What's Working (and What's Not)

02/05/14 09:30AM EST
COMMODITIES

The CRB Index (19 commodities) was up another +1% yesterday to +2.5% year-to-date versus the S&P 500 which is down -5% YTD and Consumer Discretionary (XLY) -7.5% YTD. Incidentally, this northeast weather isn’t going to slow this trend either. We will be hosting a call on why this morning at 11AM EST. Ping sales@hedgeye.com for access.

GOLD

Gold registered another buy-signal on red yesterday in #RealTimeAlerts. That's the 6th buy signal in my model since November when commodities bottomed. What Gold needs to really breakout is already in motion, a 10-year bond yield confirming a bullish to bearish TREND reversal.

YEN

The Yen is also signaling a potential bearish to bullish reversal on my intermediate-term TREND duration (breadown line for US Dollar versus Yen is $102.23). How many people are positioned for that? Seriously? The Japanese retail dudes who were short Yen, long Mothers #nope.

JPMorgan shares are currently trading with the most implied upside to fair value in our fair value model for money-center, super-regional and regional bank stocks. By our estimates, JPM shares have upside of 33% based on our regression of EVA (economic value added) – which looks at the spread between return on capital and cost of capital – and the current multiple to tangible book value. Over time, we have found that sizeable discounts and premiums mean revert toward fair value giving JPMorgan an embedded tailwind in 2014.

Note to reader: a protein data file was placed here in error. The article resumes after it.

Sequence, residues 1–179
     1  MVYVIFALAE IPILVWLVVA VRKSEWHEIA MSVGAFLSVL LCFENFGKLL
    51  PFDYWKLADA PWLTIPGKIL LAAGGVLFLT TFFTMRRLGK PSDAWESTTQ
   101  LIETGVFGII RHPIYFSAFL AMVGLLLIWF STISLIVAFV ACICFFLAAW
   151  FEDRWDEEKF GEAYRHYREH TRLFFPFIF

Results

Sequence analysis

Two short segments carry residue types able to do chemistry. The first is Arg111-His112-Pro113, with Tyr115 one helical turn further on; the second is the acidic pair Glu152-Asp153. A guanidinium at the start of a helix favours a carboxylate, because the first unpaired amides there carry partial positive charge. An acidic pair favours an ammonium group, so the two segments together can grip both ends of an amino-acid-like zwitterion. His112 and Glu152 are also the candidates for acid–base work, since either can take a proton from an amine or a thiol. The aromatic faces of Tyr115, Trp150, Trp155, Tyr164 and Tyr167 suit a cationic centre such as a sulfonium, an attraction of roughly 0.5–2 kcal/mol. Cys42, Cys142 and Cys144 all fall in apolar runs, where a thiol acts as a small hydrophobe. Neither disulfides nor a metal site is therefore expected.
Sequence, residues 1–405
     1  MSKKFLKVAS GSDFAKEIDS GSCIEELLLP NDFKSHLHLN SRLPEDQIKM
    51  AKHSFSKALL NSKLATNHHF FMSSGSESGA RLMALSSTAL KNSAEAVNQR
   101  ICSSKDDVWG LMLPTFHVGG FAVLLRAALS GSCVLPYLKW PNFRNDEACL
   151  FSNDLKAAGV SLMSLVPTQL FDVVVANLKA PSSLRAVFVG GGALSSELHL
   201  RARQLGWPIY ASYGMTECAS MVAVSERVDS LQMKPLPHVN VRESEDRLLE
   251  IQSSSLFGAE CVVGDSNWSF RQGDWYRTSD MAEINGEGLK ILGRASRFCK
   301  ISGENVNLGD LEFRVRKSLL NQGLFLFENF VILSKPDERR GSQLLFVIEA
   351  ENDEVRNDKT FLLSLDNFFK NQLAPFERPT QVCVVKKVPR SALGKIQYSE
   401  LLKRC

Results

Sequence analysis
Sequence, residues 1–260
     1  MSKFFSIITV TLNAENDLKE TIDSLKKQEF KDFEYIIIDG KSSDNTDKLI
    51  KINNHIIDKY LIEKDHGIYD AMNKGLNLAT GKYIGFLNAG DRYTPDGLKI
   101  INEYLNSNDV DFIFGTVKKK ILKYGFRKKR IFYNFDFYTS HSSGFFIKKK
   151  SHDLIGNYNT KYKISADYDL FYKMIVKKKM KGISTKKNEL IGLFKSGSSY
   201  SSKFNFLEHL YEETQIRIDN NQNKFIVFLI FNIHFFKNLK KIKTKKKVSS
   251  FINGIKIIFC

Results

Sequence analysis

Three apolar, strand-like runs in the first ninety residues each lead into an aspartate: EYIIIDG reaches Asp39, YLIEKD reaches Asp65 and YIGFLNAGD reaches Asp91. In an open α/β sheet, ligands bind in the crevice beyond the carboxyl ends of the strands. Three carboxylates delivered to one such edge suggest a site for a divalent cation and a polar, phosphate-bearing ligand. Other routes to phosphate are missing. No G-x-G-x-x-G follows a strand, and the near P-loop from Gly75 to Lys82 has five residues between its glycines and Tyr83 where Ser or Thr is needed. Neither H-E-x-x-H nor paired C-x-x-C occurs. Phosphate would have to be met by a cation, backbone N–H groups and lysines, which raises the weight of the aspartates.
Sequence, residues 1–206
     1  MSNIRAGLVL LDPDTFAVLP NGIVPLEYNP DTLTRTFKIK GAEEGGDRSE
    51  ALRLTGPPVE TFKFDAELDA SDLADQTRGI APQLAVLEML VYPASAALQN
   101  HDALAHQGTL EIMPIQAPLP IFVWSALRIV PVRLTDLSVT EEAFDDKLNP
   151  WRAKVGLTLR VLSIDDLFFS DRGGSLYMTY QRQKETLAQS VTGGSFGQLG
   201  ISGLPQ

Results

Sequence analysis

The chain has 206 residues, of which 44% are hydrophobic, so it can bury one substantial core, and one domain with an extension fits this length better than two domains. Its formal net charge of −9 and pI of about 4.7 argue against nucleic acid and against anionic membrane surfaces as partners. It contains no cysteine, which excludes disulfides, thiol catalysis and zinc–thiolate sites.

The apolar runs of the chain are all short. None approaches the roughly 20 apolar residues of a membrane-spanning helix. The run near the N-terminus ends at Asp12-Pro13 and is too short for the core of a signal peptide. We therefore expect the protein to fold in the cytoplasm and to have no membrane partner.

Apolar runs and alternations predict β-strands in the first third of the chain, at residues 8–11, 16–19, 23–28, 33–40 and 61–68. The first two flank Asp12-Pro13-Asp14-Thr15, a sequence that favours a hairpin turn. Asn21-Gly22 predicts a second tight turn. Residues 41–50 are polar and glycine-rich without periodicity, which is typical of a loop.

We remain bullish on the British Pound versus the US Dollar, a position supported over the intermediate term TREND by prudent management of interest rate policy from Mark Carney at the BOE (oriented towards hiking rather than cutting as conditions improve) and the Bank maintaining its existing asset purchase program (QE). UK high frequency data continues to offer evidence of emergent strength in the economy, and in many cases the data is outperforming that of its western European peers, which should provide further strength to the currency. In short, we believe a strengthening UK economy coupled with the comparative hawkishness of the BOE (vs. Yellen et al.) will further perpetuate #StrongPound over the intermediate term.

Darden is the world’s largest full service restaurant company. The company operates +2000 restaurants in the U.S. and Canada, including Olive Garden, Red Lobster, LongHorn and Capital Grille. Management has been under a firestorm of criticism for poor performance. Hedgeye's Howard Penney has been at the forefront of this activist movement since early 2013, when he first identified the potential for unleashing significant value creation for Darden shareholders. Less than a year later, it looks like Penney’s plan is coming to fruition. Penney (who thinks DRI is grossly mismanaged and in need of a major overhaul) believes activists will drive material change at Darden. This would obviously be extremely bullish for shareholders and could happen fairly soon driving shares materially higher.

JAPAN: is that all they got? +1.2% Nikkei to -13% YTD as the government buys ETFs? @KeithMcCullough

"Most of the shadows of this life are caused by our standing in our own sunshine." - Ralph Waldo Emerson

At its peak in January, the S&P 500 had rallied 173 percent from its 2009 bottom, a bull market that was almost a year older than the average since World War II. (Bloomberg)

  • CASH: 54
  • US EQUITIES: 4
  • INTL EQUITIES: 4
  • COMMODITIES: 14
  • FIXED INCOME: 8
  • INTL CURRENCIES: 16
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